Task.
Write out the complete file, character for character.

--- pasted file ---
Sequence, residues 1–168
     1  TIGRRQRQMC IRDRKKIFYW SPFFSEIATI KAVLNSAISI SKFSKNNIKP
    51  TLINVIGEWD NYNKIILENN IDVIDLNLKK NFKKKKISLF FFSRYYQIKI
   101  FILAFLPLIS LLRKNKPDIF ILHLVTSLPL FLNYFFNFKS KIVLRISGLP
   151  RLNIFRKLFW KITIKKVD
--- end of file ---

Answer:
Sequence, residues 1–168
     1  TIGRRQRQMC IRDRKKIFYW SPFFSEIATI KAVLNSAISI SKFSKNNIKP
    51  TLINVIGEWD NYNKIILENN IDVIDLNLKK NFKKKKISLF FFSRYYQIKI
   101  FILAFLPLIS LLRKNKPDIF ILHLVTSLPL FLNYFFNFKS KIVLRISGLP
   151  RLNIFRKLFW KITIKKVD